Cut outs #17

Random Network. Courtesy of screenpunk / Flickr.com 

Innovation: The value of Networks vs. Nodes

Automotive: How autonomous vehicles will change the insurance industry and analytics can help automotive firms find profits in the after sale and service markets

With the trend in bank branch closures continuing, how can branch networks be reimagined for the digital era?

Practical uses for Blockchain: Where and how can it be applied?

Taking risks and accepting failure: important ingredients for successful leadership through digital change

YouTube to launch paid music streaming service in 2018?

Market Trends: Early Stage and Seed Investment markets cooling off?

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Enhancing innovation through M&A and investments

Last week I gave a presentation at the 100% Open Innovation Union about how companies can enhance innovation through mergers, acquisitions and minority stake investments.

Summer Union 2016.PNG

M&A and investment is a central part of business life. Last year in the UK alone, acquisitions worth about £60 billion were completed. Based on a quick scan of the press release archives, IBM has made over 50 acquisitions over the past five years. As is the case for many large companies, it’s a core part of our reinvention strategy. The ‘injection’ of new technology, people and ideas enables us to move into new markets, adapt more readily to customer needs and gather the ingredients necessary to create our next wave of products and services. On a personal level, I’ve experienced four or five acquisitions, both on the acquired or acquiring side, and I expect many people have been through plenty more.

But what’s the relationship between M&A, investments and innovation?

As the graph in this presentation illustrates, M&A and investment activity tends to happen in waves, usually triggered by circumstances in the broader business environment. Traditionally, the objectives for M&A and investments tended to be either strategic (e.g. increasing market share), economic (e.g. creating economies of scale) or financial (e.g. gaining access to more cash to reduce leverage). An increasingly common objective driving the next wave of activity is boosting innovation. Established firms are facing growing challenges to compete in their core markets. Disruption by new market entrants to their business models, increased competition, market fragmentation and the rate of technology change all make it increasingly difficult to keep up. M&A and investment offers a swift way to get access to new resources and capabilities that can boost performance in the short-term and enhance innovation in the long-term. But this strategy for growth is not without its challenges.

Statistically-speaking, M&As and investments are fraught with difficulty and result in a very high rate of failure, in terms of the value delivered back to shareholders of the acquiring company (acquired companies tend to fare much better, any budding entrepreneurs out there might be happy to know). And that’s before we consider how they deliver on something as intangible and long-term as innovation.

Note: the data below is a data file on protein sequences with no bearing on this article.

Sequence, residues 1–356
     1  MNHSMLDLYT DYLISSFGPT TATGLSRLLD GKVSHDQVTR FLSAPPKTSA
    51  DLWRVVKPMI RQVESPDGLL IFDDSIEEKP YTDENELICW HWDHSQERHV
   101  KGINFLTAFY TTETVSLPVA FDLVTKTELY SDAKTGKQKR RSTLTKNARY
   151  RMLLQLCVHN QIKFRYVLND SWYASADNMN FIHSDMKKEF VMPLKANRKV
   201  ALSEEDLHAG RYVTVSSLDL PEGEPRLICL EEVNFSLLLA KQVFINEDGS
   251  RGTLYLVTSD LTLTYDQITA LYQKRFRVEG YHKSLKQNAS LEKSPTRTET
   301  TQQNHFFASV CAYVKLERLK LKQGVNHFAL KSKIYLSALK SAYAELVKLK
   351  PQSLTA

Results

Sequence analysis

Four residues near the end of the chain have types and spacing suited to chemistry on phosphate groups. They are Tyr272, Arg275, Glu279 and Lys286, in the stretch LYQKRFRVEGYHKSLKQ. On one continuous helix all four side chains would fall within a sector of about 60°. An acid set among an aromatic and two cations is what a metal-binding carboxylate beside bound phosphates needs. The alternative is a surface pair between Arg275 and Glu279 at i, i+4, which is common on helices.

Certainly, one consideration needs to be how the effect of M&A and investment on innovation is measured, as the majority of research tends to focus on how M&A performs against traditional strategic, economic and financial goals. However, my MBA research suggests there are a number of factors which do influence the level of innovation value companies can gain. To make judging the success of the deal easier, many companies switch from using long-term strategic measures of performance to short-term financial measures. For managers coping with the complexity and workload of integrating a new firm and team of people, financial measures are must simpler and clearer to comprehend and report to shareholders. However, their focus on short-term performance runs contrary to innovation which requires a longer term view, so the management activities the financial measures encourage simply serve to constrain innovation, despite the best intentions of the managers themselves. A further factor that affects innovation is the judgment of synergies between the companies. If the activities of the firms are too similar they will duplicate each other, leading to practical tensions between teams and the creation of little new value. If the companies are too different, they will struggle to find the points of integration where creative sparks can ignite innovation. To stimulate innovation, companies needs to have enough in common in terms of domain experience, processes, products and practice to give a basis for collaboration, but still be able to bring new ideas and methods to the relationship.

Certainly, if companies can overcome these hurdles and others that tend to occur, then there are significant benefits to be gained. Many companies report boosts in the quality and quantity of R&D inputs from successful M&A and investment activity. Outputs in terms of patents to fuel future innovation activity (a target IBM prizes highly) and of course new products and services taken to market can also increase significantly. As more established firms explore routes to innovation and face pressure to adapt more rapidly to market changes, I expect M&A, investment and other forms of alliance partnership will grow as priorities. No strategic initiative is without challenge though, and the key question companies must answer is how they navigate a way around the barriers to achieve the benefits.